Will Apple’s HealthKit turn the grays of HIPAA compliance into black and white? If one thing is clear, it’s that HIPAA compliance is not. But the potential for that to change is upon us. Catalyze’s cofounder Dr. Travis Good explains.
To adhere or not to adhere, that’s the question for today’s health-tech developer when it comes to HIPAA compliance. Shakespearean flair aside, addressing HIPAA has been predominately about marketing position. But with the unveiling of Apple’s HealthKit, answering that question may transform from a developer’s alternative accolade into an imminent imperative for market survival. For as the technological landscape evolves— so does the conversation about what data is deserving of HIPAA protections.
HealthKit is the companion app to Apple’s Health component (a major development of its upcoming iOS 8 release), which will serve as an integrative hub for third-party health and wellness-related apps. Apple is so serious about its entry into the healthcare, it has joined forces with EHR developer Epic and the Mayo Clinic to ensure its putting its best foot forward as it steps into the space, soon enough.
What it promises to bring to the user is a singular interface that aggregates all health-related data captured from various apps and complementary wearables, opening up the possibility to share this relevant and important healthcare information with providers. What that possibility brings to providers is the ability to integrate that data with EHRs and use that data to enhance decision-making when it comes to managing the health of their populations.
What it brings to the health app developers, aside from the opportunity to have those apps serve as tools for health-data collection, however, is the common conundrum of what to do regarding HIPAA compliance. It’s a problem that Catalyze’s Travis Good says didn’t begin with Apple’s HealthKit, but may cause to bring clarity to this often cloudy conversation.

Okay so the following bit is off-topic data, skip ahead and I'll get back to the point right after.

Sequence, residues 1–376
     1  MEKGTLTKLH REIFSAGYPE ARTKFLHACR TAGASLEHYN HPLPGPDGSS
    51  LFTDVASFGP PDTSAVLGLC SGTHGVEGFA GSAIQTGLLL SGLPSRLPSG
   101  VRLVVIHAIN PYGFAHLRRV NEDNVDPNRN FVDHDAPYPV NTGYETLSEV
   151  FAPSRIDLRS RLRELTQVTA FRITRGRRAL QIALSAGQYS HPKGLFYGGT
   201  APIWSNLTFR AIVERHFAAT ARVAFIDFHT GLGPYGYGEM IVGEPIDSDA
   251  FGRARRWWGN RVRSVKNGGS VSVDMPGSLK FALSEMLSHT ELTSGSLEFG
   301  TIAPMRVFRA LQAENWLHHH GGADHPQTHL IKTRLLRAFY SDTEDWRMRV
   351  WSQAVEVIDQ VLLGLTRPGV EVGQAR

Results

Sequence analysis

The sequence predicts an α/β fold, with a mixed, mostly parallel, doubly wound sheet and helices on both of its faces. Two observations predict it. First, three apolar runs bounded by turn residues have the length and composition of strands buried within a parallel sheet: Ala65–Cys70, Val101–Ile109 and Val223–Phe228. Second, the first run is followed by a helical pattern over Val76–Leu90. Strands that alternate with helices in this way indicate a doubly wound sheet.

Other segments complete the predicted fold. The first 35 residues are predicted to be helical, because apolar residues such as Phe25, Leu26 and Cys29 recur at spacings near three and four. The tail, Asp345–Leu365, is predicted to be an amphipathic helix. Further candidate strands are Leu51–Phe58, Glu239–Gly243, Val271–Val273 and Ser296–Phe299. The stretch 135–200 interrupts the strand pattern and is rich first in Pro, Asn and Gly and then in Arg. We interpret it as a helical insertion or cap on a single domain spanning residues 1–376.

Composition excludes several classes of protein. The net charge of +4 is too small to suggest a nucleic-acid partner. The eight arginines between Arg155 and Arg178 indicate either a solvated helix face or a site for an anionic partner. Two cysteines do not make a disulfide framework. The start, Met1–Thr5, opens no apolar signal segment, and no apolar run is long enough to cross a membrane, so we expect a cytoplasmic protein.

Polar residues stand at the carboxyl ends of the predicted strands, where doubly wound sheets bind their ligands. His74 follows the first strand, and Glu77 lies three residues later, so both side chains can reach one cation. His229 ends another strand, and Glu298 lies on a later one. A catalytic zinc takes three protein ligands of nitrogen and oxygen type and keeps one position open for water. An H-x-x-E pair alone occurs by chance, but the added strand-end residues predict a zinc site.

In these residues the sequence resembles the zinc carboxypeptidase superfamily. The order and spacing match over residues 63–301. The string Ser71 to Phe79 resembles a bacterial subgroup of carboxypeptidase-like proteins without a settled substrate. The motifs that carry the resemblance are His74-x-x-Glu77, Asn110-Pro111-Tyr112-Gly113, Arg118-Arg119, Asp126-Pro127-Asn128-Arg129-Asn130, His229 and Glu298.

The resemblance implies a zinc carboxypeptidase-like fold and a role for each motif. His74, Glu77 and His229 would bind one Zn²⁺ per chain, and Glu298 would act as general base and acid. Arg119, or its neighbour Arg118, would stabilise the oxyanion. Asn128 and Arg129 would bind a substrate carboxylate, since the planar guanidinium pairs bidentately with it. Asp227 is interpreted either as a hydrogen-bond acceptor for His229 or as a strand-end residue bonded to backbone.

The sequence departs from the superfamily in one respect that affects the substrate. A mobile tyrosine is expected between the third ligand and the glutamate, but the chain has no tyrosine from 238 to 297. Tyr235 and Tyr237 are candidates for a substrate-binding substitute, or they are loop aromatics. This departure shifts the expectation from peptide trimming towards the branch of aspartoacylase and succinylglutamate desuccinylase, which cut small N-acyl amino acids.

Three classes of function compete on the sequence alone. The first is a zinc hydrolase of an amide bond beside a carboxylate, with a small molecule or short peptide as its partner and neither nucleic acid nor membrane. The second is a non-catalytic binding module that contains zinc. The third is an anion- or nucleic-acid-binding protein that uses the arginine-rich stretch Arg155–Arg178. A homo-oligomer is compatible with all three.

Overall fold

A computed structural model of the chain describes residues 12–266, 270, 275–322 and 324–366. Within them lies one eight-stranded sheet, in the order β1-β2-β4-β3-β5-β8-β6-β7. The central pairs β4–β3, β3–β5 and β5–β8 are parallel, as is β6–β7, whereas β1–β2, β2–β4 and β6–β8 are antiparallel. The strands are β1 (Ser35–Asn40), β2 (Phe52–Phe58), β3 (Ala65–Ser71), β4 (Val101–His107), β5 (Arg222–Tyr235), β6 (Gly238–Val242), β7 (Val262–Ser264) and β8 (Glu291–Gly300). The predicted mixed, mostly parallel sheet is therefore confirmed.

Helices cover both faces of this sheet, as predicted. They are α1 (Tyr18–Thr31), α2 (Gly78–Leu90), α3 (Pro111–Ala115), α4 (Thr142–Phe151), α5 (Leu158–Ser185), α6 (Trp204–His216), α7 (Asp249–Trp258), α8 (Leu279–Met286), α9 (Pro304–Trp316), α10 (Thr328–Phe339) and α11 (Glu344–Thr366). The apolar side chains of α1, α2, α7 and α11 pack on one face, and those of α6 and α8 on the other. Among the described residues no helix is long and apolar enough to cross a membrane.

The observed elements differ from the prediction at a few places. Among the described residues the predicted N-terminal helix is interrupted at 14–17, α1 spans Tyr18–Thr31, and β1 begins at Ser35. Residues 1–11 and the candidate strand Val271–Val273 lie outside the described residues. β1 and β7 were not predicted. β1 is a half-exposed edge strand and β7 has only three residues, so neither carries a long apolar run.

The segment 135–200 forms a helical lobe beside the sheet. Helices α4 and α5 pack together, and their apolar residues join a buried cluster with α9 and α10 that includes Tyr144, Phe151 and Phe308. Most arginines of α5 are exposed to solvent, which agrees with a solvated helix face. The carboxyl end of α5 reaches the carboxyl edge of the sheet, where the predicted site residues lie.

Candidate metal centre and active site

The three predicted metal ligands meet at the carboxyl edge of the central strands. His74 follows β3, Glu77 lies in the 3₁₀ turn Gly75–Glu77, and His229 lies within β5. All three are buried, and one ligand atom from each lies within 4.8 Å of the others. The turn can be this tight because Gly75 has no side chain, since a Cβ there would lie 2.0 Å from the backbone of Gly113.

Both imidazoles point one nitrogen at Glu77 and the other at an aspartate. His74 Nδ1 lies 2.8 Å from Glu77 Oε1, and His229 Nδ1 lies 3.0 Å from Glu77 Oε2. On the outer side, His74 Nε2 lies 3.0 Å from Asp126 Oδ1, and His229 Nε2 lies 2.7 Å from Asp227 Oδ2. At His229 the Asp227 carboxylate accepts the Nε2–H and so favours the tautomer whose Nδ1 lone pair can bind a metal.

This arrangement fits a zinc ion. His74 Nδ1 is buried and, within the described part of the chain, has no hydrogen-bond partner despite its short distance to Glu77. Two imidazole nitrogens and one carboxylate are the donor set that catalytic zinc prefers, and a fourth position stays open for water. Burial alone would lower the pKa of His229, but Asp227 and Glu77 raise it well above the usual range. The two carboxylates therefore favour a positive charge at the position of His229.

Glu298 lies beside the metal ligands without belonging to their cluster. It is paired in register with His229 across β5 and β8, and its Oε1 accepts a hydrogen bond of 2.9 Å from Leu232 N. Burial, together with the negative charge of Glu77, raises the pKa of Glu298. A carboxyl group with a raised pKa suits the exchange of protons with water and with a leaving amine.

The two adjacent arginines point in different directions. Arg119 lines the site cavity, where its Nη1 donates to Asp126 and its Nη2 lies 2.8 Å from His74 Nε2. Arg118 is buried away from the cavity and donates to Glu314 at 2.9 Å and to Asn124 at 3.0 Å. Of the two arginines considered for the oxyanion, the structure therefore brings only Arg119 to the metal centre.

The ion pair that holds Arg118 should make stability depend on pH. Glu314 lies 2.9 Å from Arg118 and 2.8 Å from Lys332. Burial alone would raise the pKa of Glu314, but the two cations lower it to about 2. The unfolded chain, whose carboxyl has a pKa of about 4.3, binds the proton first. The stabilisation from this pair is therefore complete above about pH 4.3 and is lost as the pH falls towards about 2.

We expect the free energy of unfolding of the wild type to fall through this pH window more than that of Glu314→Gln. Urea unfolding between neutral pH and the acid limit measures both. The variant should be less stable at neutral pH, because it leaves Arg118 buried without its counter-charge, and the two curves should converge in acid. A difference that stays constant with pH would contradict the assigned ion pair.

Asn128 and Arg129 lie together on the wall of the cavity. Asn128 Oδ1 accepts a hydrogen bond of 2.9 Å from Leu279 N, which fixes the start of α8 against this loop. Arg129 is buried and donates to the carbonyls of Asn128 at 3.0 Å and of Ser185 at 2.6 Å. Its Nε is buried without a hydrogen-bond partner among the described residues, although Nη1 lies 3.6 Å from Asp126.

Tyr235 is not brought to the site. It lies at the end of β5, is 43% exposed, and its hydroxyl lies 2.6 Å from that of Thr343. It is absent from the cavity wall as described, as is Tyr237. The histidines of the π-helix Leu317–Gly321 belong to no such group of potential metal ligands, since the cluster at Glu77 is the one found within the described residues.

“Developers are already split into two packs,” said Good, cofounder of the Madison, Wisconsin-based software company. “Some are proactive and follow HIPAA from the start, while others avoid it as long as possible. Tradeoffs exist with both choices. I think HealthKit, and similar platforms like the one announced recently by Samsung, are a good thing because they are likely to spur dialogue. One of the challenges with HIPAA, especially when it comes to startups and modern technologies like cloud and APIs, is that it is a very gray space. Much of HIPAA is left to interpretation, and those interpretations vary widely.”
HIPAA Help, Ready Made
Good understands the problems developers face all too well because he has been there himself. He experienced the pains of HIPAA compliance firsthand after developing his own health app. From that burden, however, an idea to aid other developers was born. After all, Good has seen the compliance issue from every angle, from tech consultant and medical student to health-tech developer. As a result, he and his cofounders Mohan Balachandran and Ben Uphoff formed Catalyze last February.
“We wanted to create an easier way for developers and enterprises to build compliant modern software for healthcare,” he said. “Our goal is to make building, running, and scaling HIPAA-compliant technology as easy as building technology for a non-compliant industry. In the process, we wanted to make healthcare more attractive to developers and innovators by solving some of the messy, domain specific problems for them.”
According to Good, he often sees two major obstacles arise for developers. One: A lack of financial resources to build and manage compliant environments. Two: A general lack of understanding of HIPAA and how it relates to modern technologies. It’s that lack of understanding that makes the emergence of HealthKit a hot button topic, as it may force developers to recognize they cannot evade the issue of HIPAA compliance if a platform like HealthKit succeeds.
What may help define the HIPAA compliance quandary is deeper definition of what requires HIPAA protections. To do that, a more expansive classification of what is recognized as personal health information (PHI) may be required. Health and Human Services (HSS) defines PHI as “individually identifiable health information transmitted or maintained in any form or medium by a covered entity or business.” According to HHS, health information includes demographic information relating to an individual’s physical or mental health or provisions of or payment for healthcare, and identifies the individual. Continue reading…